Hastings Litfest review: History lectures, personal tales and fine acting

Richard Blair
Richard Blair

Hastings Litfest 2019, August 30-September 1

With more than 50 events across three days, any attempt to sum up this summer’s Hastings Litfest is bound to fail, if in no other way than its inability to do justice to the vast number of people involved and the range of events that have genuinely engaged as wide a range of interests as possible.

I was able to get to five events and nobody could have been at all of them given that many overlapped or were in highly disparate parts of the town.

I started, fittingly as it turned out, in the basement of the White Rock Hotel on Friday, August 30. It was claustrophobic and entirely in keeping with David Lewis’ talk on the rise of Adolf Hitler from failed Lance-Corporal to would-be world dictator. David Lewis is an expert on the Third Reich but here he was concentrating on the catastrophic effect of Hitler’s experiences in the trenches of WWI and the way in which his treatment – particularly the use of hypnotism – was to change his sense of purpose for the rest of his life.

The outcome – all too cliché-like – is history.

Returning to the daylight, I moved on to St Mary-in-the-Castle for a talk on George Orwell given by his son Richard Blair. This was fully illustrated but kept closely to factual information, only expanding at times for a few more personal details – the sort of thing one might have hoped were indulged in a little more frequently. While there was reference to Animal Farm and 1984 there was no literary comment, which seemed strange given that this was the main focus of the festival.

That evening, in the Opus Theatre, The Telling presented Unsung Heroine – an imaginary reconstruction of the life of Beatriz de Dia, one of the very few 13th century female troubadours. The music was splendid, with Joy Smith playing medieval harp and percussion, and Giles Lewin on medieval bagpipes and fiddle. The range of emotions created was impressive given the tightly controlled form for both dances and songs, which were sung by Clare Norburn and Ariane Prussner.

While the presentation was excellent we were literally in the dark as to the texts, for the lighting was so low that we could not see them printed in the programme. This was a pity for it took the edge off an otherwise highly engaging evening. It was also one of the best lit productions the Opus has presented. Linking narration was presented by Anna Demetriou taking on the persona of all the characters.

The Inaugural Catherine Cookson lecture was given at the Opus Theatre on Saturday afternoon (August 31) by author Kerry Hudson, introduced by Dr Irralie Doel.

In the event the introduction was far more important than is often the case. Dr Doel set the tone not only for this individual lecture but for the next five years.

Working Class writers are seriously underrepresented in the catalogues of publishers and Women Working Class Writers even more so. She made an excellent case for the fight to ensure their voices are heard and introduced Kerry Hudson as a superb current example of a writer who is able to draw on her background and communicate with ease both emotionally and intellectually.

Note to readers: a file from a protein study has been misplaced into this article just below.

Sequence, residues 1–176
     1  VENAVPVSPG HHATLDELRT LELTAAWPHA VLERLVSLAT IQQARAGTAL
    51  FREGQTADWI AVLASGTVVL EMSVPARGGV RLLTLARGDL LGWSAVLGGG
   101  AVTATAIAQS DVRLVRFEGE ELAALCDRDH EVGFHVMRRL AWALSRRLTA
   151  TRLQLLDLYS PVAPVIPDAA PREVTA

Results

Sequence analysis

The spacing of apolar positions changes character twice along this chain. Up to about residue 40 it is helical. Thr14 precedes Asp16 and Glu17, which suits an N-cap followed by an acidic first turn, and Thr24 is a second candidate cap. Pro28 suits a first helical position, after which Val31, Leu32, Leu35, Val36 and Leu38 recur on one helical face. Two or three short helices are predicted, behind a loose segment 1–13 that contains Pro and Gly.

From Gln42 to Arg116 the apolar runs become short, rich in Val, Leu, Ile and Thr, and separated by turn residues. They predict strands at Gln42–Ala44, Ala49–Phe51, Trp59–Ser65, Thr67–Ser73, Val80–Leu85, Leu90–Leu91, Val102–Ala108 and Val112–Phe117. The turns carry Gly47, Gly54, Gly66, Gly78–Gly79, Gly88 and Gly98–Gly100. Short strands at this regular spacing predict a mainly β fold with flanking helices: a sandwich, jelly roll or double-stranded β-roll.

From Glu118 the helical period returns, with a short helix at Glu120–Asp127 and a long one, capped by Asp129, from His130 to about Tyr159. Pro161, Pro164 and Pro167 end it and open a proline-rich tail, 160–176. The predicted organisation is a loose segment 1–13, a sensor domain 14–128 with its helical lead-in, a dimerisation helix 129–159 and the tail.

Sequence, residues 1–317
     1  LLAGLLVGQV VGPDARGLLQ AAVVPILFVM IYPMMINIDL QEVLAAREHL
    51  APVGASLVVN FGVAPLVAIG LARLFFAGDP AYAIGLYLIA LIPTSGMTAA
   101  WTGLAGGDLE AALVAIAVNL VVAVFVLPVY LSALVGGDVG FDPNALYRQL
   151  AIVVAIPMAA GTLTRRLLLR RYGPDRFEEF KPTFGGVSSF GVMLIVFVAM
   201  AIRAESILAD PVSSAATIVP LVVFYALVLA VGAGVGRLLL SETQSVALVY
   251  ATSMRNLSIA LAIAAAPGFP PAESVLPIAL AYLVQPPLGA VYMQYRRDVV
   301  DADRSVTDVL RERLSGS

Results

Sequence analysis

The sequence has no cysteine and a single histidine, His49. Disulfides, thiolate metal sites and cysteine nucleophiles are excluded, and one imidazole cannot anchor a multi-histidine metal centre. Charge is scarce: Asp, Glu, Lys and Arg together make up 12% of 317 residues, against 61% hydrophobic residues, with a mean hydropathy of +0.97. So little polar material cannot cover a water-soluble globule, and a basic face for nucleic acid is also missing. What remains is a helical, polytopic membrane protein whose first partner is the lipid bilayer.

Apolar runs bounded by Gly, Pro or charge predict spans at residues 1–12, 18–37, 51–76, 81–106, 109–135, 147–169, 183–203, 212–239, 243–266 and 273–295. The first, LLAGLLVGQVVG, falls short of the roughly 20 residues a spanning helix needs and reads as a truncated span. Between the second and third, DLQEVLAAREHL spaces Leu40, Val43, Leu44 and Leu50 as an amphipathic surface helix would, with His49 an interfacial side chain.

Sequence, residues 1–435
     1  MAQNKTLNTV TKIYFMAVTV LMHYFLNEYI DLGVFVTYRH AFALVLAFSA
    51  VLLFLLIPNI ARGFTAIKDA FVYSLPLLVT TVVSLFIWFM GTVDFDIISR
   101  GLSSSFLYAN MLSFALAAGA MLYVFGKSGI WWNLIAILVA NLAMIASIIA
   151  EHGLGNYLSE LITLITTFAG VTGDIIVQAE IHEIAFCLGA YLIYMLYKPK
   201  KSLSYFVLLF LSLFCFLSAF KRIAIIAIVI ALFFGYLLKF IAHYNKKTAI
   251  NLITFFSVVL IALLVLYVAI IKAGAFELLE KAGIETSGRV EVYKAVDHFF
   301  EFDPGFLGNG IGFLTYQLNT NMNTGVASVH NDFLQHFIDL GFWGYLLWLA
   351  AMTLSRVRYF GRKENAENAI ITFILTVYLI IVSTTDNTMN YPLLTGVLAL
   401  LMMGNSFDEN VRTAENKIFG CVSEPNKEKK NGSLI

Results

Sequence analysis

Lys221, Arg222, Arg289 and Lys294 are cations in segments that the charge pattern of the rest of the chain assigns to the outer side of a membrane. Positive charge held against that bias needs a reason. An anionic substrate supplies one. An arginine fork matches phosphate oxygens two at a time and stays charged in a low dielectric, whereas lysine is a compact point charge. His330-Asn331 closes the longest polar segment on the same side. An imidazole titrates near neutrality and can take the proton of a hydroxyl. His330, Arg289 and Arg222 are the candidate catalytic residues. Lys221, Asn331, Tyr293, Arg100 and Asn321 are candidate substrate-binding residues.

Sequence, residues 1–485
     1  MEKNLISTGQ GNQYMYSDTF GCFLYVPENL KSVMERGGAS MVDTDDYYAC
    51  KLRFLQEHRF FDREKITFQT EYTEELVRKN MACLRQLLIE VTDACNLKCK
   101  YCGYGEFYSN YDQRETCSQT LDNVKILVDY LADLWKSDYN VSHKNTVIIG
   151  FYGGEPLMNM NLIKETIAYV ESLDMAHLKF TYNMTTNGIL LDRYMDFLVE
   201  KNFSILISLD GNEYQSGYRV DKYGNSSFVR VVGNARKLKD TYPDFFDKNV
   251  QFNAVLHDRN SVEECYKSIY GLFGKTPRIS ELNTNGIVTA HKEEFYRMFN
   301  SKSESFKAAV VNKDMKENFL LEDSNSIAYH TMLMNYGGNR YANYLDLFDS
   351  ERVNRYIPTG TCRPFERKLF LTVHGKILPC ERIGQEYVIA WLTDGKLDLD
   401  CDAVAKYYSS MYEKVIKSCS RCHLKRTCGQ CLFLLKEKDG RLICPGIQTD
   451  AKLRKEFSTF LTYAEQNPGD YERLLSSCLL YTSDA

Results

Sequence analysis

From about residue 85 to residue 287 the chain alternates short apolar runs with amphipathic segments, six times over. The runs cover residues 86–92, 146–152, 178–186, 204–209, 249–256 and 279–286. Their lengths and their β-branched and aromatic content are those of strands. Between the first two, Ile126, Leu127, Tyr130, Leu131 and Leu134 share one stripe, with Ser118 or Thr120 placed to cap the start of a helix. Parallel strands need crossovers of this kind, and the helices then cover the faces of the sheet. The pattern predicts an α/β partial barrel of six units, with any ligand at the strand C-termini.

Kerry Hudson used her lecture not only to fill in some of her working class background and the severe struggles she had in her early years but also to demonstrate how the working class voice can communicate across social divides. She stressed the need for readers of all walks of life and for the literature of the working class to appeal to all levels of society. The examples she read were deeply moving as well as immediate.

The link with Catherine Cookson was firmly made, not only in the historical links to Hastings but also to the line of working class writers including Robert Tressell.

As the first in what could prove to be a very valuable addition to our literary life in Hastings, this set an extremely high standard for others to follow.

Later in the evening Michael Pennington came to give us Sweet William, his one man show that gently mixes the facts – or those few that are known – about Shakespeare with his own considerable experience as an exponent of the Bard.

His story unfolded chronologically but managed to get in more than a few personal anecdotes along the way, keeping us on our toes with the remarkable correlation between Shakespeare’s time and our own. He quoted liberally, and to great effect, but always within the context of the narrative, never simply for the sake of doing so.

Those of us who have seen him in Shakespeare over the past half-century would have easily stayed for twice the length of time he was allowed. It was a masterly and highly satisfying evening and I am glad to say that there is a DVD available for those who were unable to attend.

With so many events, others will be able to tell a very different story of their encounters with literature over the three days – I am just glad to have been a part of it.

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